Stories that matter

STORYTELLING IS AN ACT OF COMPASSION AND UNDERSTANDING

 
 

1. Three Filipino Women Workers from Barangay Mapulang Lupa, Valenzuela City

 
 

Excerpt by Father Ramon Caluza, CICM

Belinda "Dang" Cunanan (44), Jinky Fulgencio (44) and Julie Peralta (45) are three leading members of the Kayumanggi Chapter in Barangay Mapulang Lupa, Valenzuela City. Their community is an urban poor community collocated within a belt of factories in Valenzuela City. But even as the area may be considered an "industrial zone", it does not provide the basis of defining people there as workers. Only 1 out of 5 people work in a factory. Women laborers, most often, work under an outsourcing arrangement where the worker is hired and paid by an employment agency on a piece-rate basis. The profile of the community may at first be confusing. How can a community such as Barangay Mapulang Lupa be considered a workers' community when the majority of the people there are in the usual sense unemployed?

Perhaps the circumstances of our three respondents will provide the clue. Belinda, Jinky and Julie are all married, have school-going children and are all the primary breadwinners of the family. All families live on lots they have built their modest dwellings on by "rights" provided by the National Power Corporation, a government-owned corporation. Belinda's husband is a person with disability, afflicted as he is with a form of psoriasis. This condition makes it difficult for him to find work as it also renders him quite unwilling to look for work. But what he lacks in gainful employment he is able to compensate in contribution of unpaid labor through all the household chores he does at home - house cleaning, cooking, laundry, child care...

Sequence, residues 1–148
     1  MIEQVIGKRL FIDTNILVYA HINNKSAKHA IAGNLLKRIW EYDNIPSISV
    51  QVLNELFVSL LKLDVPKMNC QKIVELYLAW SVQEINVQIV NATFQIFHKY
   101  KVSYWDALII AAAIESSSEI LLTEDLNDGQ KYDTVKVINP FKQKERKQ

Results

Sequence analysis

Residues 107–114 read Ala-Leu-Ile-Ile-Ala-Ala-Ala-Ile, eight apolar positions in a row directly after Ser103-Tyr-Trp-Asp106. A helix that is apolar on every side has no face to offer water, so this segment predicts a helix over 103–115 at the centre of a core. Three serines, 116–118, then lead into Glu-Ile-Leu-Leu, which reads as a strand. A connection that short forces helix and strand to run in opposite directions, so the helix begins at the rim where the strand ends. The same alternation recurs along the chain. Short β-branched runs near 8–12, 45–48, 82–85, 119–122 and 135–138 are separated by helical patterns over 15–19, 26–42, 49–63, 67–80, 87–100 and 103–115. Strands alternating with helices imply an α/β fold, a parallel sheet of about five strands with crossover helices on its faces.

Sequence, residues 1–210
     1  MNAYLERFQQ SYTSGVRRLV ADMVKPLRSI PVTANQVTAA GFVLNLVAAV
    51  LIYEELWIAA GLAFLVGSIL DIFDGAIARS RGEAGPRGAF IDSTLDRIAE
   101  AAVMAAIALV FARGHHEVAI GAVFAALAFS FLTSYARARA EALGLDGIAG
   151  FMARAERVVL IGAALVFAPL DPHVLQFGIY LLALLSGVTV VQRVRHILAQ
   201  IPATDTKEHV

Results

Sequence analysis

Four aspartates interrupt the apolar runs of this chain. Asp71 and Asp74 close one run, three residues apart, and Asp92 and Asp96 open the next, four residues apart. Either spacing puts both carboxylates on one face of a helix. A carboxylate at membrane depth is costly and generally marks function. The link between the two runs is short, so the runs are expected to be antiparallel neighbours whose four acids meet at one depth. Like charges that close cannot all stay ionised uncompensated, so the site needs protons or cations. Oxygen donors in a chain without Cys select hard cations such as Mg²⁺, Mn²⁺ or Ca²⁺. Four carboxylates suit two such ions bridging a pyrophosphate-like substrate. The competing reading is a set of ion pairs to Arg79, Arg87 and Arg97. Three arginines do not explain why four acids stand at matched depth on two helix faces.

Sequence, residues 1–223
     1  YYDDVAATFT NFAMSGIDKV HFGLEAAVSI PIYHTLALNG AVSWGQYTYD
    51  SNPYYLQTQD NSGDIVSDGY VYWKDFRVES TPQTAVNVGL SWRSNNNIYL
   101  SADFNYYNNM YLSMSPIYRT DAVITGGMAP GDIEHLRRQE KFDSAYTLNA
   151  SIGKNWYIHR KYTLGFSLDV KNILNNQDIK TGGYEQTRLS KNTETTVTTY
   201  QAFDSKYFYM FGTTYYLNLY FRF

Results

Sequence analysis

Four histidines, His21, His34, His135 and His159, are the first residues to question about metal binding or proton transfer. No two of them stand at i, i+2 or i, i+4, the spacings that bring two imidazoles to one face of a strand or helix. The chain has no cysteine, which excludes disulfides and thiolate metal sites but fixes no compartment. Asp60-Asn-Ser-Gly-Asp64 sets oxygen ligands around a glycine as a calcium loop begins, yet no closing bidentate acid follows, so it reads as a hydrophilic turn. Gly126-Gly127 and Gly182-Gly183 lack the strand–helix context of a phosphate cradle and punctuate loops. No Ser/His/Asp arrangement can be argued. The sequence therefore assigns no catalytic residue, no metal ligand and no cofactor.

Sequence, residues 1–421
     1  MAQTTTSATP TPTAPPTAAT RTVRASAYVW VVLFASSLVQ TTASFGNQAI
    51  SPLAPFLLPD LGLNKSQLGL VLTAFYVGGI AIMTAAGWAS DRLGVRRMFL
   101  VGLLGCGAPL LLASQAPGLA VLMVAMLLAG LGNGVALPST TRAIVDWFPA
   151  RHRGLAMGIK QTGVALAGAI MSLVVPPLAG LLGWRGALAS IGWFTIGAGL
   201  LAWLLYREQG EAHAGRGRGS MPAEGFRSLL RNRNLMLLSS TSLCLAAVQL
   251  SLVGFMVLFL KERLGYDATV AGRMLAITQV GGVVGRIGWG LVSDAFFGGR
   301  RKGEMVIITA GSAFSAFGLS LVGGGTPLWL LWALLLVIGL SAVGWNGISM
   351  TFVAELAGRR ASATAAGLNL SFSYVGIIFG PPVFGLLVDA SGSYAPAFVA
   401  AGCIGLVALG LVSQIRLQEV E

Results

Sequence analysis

“When one loses the capacity to dream about changing one's lot as a worker, then one loses the capacity to help change society.”

Jinky Fulgencio, Barangay Mapulang Lupa, Valenzuela City.

 


2. Reflecting on the Situation of Filipino Workers 

 
 

Excerpt by Father Ramon Caluza, CICM

While powerful corporatist interests make the dubious claim that globalization helps developing nations "catch up" with industrialized nations much faster through increased employment and technological advances, the damning fact, however, has become crystal clear: that it weakens national sovereignty and allows rich nations to shop domestic jobs overseas in underdeveloped economies where labor is much cheaper.   

Unemployment and underemployment have always been perennial problems of workers in the Philippines. But with globalization well now put in place at the core of the Philippine economy, unemployment and underemployment have not only become worse, they have also become the main features of a globalization-driven economy through contractualization.

Contractualization restricts the dynamic growth and diversity of the labor market as it is oppressively selective in funneling the labor force towards a narrow field of industries and only in the volume and wage rates that the so-called globalized economy dictates. This basic pattern of labor market conditioning has therefore rendered the lot of Filipino workers in a perennially precarious and unprotected labor situation. Today the Philippine labor market registers the highest rates of unemployment and underemployment in the ASEAN region.

Because of this, the vast army of unemployed and underemployed Filipino workers is driven to micro own-account or self-help activities so that they are able to earn a living on a daily basis, mostly in the small buy-and-sell and the menial services-providing kind...